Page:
• The You Belong Here: Rediscovering Salford’s Green Spaces exhibition, displayed at Salford Museum & Art Gallery, was launched as part of the city-wide Rediscovering Salford programme, encouraging audiences of over 16,000 to reconsider and reconnect with the green spaces around them through exciting newly commissioned artworks in response to Salford’s parks and green spaces. Alongside the exhibition, the Team ran a programme of engagement including tours, talks, and workshops to encourage participants to engage with their own local environments and reconnect with the nature around them. The exhibition was led on behalf of the Salford Culture and Place Partnership, and the wider project was generously supported by Arts Council England and Suprema Lex.
  • The Peer to Peer: UK/HK 2022 project, led by the Team in collaboration with Open Eye Gallery, Liverpool, supported 9 UK visual arts organisations and 9 Hong Kong visual arts organisations, along with more than 43 artists, and over 160 students to connect, create work, and develop enduring partnerships internationally while rethinking the ways of working remotely to mitigate the environmental impacts of long-haul air travel. This resulted in an online festival, promoting these ways of working through talks and the artwork created during the project to encourage others to consider new ways of connecting with others while minimising their carbon footprint.
a photographic composite showing a traditional, brick-build Victorian terrace. The image is altered to show hot and cold spots
McCoy Wynne, Are You Living Comfortably? 2021. Image courtesy of the Artist.

In response to winning the award, Rowan said:

Taking part in Green Impact has been a challenging and inspiring process. When we began on our Green Impact journey, I don’t think any of us expected that we would win a national award. It has been a huge honour to be recognised in this way and serves as a reminder of how impactful working sustainably can be.

As a part of our University and local community and as a resource people look to, it is important to us at the Collection that we not only encourage others to work in sustainable ways, but that we lead by example, and show how even the smallest acts contribute to wider change.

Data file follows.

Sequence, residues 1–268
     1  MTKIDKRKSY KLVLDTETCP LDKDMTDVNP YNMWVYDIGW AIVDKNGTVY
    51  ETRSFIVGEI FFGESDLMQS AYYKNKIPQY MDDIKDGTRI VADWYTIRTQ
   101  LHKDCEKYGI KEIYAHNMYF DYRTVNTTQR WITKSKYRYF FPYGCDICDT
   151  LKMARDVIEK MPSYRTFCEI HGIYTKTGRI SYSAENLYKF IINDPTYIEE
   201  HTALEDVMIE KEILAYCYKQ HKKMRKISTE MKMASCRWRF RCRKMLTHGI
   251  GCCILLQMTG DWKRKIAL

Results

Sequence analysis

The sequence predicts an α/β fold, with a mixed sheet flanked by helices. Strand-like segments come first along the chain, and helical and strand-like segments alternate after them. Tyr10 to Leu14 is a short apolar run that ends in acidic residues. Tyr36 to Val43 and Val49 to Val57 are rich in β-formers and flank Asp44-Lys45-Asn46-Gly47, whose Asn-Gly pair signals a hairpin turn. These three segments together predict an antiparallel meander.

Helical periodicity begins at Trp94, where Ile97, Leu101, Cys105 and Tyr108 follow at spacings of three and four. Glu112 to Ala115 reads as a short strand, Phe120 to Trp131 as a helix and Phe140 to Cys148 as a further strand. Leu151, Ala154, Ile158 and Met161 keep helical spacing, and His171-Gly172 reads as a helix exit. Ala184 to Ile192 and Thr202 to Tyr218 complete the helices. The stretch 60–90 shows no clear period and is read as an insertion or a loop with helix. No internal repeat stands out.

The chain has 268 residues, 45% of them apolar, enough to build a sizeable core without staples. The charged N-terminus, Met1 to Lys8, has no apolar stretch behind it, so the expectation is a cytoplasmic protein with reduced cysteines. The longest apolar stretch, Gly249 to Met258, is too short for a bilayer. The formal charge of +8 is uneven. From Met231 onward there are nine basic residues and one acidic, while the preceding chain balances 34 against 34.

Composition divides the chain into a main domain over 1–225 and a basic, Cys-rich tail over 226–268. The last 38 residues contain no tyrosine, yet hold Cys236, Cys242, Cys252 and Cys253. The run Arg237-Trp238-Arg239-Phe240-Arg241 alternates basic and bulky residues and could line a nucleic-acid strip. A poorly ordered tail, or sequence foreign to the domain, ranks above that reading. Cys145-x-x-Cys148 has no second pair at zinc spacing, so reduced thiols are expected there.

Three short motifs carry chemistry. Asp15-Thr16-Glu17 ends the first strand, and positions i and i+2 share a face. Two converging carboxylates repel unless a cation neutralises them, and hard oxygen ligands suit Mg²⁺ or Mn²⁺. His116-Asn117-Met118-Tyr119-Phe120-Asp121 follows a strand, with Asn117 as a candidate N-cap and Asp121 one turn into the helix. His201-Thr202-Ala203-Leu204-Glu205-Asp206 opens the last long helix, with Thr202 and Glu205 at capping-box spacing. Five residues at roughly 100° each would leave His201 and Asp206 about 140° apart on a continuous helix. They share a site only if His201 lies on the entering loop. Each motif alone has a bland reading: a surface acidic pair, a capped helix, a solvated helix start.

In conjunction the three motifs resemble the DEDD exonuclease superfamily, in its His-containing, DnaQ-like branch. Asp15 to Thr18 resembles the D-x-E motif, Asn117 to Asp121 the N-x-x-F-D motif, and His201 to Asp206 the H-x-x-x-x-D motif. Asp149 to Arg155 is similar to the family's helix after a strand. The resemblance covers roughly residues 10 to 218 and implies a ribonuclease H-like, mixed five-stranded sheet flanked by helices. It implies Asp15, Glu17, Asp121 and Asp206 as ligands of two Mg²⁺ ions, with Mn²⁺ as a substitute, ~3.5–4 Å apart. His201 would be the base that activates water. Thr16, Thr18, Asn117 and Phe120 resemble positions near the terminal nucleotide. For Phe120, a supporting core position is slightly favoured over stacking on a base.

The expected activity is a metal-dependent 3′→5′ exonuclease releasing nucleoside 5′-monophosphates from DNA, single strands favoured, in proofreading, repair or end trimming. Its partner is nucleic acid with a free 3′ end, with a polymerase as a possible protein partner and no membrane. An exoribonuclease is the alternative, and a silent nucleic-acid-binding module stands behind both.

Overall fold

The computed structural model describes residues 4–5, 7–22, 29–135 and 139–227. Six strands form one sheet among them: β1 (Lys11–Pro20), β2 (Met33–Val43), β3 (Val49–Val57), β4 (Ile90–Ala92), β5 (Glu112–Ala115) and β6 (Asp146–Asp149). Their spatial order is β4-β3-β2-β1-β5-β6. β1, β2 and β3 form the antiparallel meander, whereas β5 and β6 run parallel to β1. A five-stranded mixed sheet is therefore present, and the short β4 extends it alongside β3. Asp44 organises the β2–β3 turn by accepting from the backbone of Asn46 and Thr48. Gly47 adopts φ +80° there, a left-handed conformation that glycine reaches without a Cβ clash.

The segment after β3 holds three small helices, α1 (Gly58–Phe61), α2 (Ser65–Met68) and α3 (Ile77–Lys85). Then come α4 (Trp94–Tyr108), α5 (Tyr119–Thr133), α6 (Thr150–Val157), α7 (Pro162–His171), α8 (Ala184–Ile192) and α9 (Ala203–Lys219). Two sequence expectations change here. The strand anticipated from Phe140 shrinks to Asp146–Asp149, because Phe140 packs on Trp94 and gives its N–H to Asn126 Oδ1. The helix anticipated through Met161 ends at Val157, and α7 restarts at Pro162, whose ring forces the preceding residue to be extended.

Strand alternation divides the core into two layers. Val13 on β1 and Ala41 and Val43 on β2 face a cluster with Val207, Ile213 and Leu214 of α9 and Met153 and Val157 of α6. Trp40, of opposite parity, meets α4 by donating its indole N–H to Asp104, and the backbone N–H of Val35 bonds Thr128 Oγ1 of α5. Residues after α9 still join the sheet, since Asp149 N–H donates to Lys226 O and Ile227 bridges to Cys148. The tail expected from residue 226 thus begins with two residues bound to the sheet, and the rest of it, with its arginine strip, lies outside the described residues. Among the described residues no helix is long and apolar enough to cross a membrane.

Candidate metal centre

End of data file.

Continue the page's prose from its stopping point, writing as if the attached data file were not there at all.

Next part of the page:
We are now more motivated than ever to continue our sustainability journey. Through projects like Hybrid Futures, we’re already thinking about how our sustainability work can be more wide-reaching, working in partnership with other arts organisations and artists, as well as a cohort of community leaders who we hope will be able to spread the learning and tools needed for working more sustainably even further than before.

The second award – Sustainability Hero – recognises a person with extraordinary commitment to sustainability within a Green Impact team, as nominated by their colleagues.

Gwen Riley Jones, the Socially Engaged Photographer-in-Residence with the Art Collection Team in 2021/22, won for going far beyond the actions outlined in the Green Impact toolkit. Her work in collaboration with youth groups explored non-toxic, plant-based methods of photography and printing. The judges described her process to achieve maximum engagement through their work as “impeccable”. The group’s work has been viewed by over 50,000 people through a display with partner organisation RHS Garden Bridgewater, and it is artistically promoting awareness of plant-based techniques. The judges loved the creative heritage links, too.

Gwen Riley Jones with her Sustainability Hero award.

In the nomination, Gwen’s colleagues wrote:

Gwen Riley Jones is our team’s Sustainability Hero. Over the last 12 months she has worked with over 100 people at different creative workshops, exploring plant-based methods of photography and printing. This has included making her own spinach anthotypes, a plant-based method of printing using no chemicals. Her work with anthotypes and the Action for Conservation youth group led to an exhibition of the plant-based work at the RHS Garden Bridgewater in Salford. Over 50k people visited this exhibition, raising significant awareness of plant-based methods of creating and hopefully inspiring others to explore sustainable ways of working.